“Before we would ever combine schools, we would want to exhaust all our options first,” he said.
Next year, budget forecasts for the district estimate that Delta County schools will receive 77 percent of their money from per-pupil funding from the state.
“We are at the mercy of the state,” Clay said. “It’s not a great position at all.”
In an attempt to keep the doors open at schools in both communities and keep opportunities for students, the district plans on consolidating some classes and offering combined schedules for certain classes next year. For example, students at Paonia High School might travel to Hotchkiss High School for certain high-level science classes or electives, or vice-versa, though the details are still being worked out.
Clay said the district is reluctant to pursue more local funding through a mill levy override, because the community’s economy is depressed. But they’re seeking other forms of funding, including a BEST grant to revitalize aging buildings.
FUNDS FUEL DEBATES ABOUT THE FUTURE
As the North Fork transitions, old-timers and newcomers are butting heads over how — or if — tax money should be spent to revitalize the economy.
Rowell has been an involved and outspoken resident, opposed to recreational marijuana and other controversial measures promoted as economic development. The latest of those is an effort to turn the old Paonia Middle School, most recently used for miner training, into affordable housing and a work center for artists through a program called Space to Create, the first state-driven initiative for artists’ affordable housing in the country. Though town trustees originally moved to earmark $35,000 for the project, locals protested the use of taxpayer dollars to subsidize the initiative and the board decided to table the measure.
Elaine Brett, the lead organizer of Space to Create and a member of the North Fork Creative Coalition, sees a lot of potential in transforming a vacant building into a source of revenue for new businesses. She said Space to Create wouldn’t just be for traditional artists — culinary arts and distilleries could also qualify under its broad definition and help add value to local agricultural products.
Brett has lived in the valley for 12 years and moved there from the Washington, D.C., area to retire after falling in love with the area on vacation in 2003. She became involved in the arts and nonprofit communities, using her background in organizational management. In 2010, she participated in a project with the local chamber of commerce in anticipation of the reduction in the energy industry’s contribution to the economy.
“We knew the clock was ticking on the coal mines,” she said. “It wasn’t a death wish on the coal mines by any means, it was just imminent.”
At that time, the group developed Vision 2020, which identified areas to concentrate on for a balanced, diverse economy including the arts. Brett sees Space to Create as an opportunity to move forward with promoting the arts as an economic support for the valley, like the Blue Sage Center for the Arts in Paonia and the Creamery Arts Center in Hotchkiss.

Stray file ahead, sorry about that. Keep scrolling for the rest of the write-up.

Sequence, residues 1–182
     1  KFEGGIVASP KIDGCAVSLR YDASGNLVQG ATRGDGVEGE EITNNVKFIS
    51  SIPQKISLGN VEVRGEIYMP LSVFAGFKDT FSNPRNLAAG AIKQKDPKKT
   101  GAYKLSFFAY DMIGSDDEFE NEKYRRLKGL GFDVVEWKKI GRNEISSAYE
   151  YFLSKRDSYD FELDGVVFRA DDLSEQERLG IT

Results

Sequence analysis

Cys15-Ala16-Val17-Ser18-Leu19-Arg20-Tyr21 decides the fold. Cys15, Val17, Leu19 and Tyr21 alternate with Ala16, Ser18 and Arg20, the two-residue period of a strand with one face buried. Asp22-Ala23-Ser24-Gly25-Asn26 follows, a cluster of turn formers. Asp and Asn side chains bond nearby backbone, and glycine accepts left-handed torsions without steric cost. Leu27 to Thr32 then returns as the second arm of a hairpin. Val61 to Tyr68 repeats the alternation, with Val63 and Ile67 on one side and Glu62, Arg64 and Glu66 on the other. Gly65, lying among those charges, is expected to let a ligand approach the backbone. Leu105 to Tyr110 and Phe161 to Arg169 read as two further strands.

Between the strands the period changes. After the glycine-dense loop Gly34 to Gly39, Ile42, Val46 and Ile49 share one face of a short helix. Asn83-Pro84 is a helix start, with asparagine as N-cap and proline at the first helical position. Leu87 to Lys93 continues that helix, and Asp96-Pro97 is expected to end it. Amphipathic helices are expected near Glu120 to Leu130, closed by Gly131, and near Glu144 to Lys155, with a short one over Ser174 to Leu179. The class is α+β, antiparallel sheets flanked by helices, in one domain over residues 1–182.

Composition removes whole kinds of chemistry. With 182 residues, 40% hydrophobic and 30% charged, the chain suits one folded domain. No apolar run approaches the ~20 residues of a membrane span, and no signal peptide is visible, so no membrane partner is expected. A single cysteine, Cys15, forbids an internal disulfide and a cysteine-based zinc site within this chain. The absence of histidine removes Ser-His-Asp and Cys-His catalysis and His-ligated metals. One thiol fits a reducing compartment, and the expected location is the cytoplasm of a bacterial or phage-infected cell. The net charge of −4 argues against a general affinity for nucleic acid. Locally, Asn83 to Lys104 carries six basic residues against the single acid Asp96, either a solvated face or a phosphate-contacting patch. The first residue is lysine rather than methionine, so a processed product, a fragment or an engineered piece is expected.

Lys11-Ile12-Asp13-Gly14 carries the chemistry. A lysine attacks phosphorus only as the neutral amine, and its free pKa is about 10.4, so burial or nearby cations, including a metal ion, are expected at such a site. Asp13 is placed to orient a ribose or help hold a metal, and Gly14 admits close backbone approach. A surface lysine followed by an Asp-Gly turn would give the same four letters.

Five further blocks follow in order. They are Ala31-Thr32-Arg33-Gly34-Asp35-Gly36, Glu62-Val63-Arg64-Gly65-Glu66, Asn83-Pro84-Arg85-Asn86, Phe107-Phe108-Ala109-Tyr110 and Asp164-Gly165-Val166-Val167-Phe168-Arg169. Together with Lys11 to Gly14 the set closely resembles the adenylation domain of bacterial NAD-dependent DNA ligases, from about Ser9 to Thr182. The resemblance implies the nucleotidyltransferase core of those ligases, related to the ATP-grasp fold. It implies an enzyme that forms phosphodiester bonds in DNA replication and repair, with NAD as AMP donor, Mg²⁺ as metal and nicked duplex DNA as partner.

For Rowell, he sees government being involved in subsidized housing for artists as the latest thing brought here by outsiders to make their new home more like where they came from.
Rowell said he felt subsidizing artist housing was not a smart move, especially since the tax base in Paonia doesn’t directly benefit financially from several nonprofits that have stationed themselves downtown in what he considers prime retail locations.
“You cannot have a viable tax base in a community if the majority of your downtown is nonprofits,” he said. “They receive services, fire protection, roads, all that, but they’re not paying into it.”
Though he grew up here in the North Fork Valley, at 67 years old, Rowell feels like an outsider here. This place has transitioned to be somewhere he doesn’t feel like he belongs, a place where he feels outnumbered.
“We just don’t hardly fit in here anymore,” he said, noting that he and his wife will likely leave the area for retirement.
As Morley described, the town has always been known for being “a hippie town full of coal miners,” a melting pot where friction exists and people don’t always agree. Sometimes there are conflicts, like five years ago when the owner of Oxbow Mining Co., a billionaire named Bill Koch, entered his tank in the Fourth of July parade and a sign-wielding hairdresser stepped in front of the tank and halted the parade with a solo confrontation. The area has become a hotbed of protests against fracking for natural gas, and the efforts to strengthen the arts and nonprofit communities haven’t been without controversy.
Despite his worries about the valley and its future, and the fact that he believes the mines may only be open another decade at most, Morley is optimistic about the survival of the communities. But he admits there is conflict about what this valley should transform into, though everyone is hopeful it will recover somehow.
“Everybody’s idea of better is different,” he said.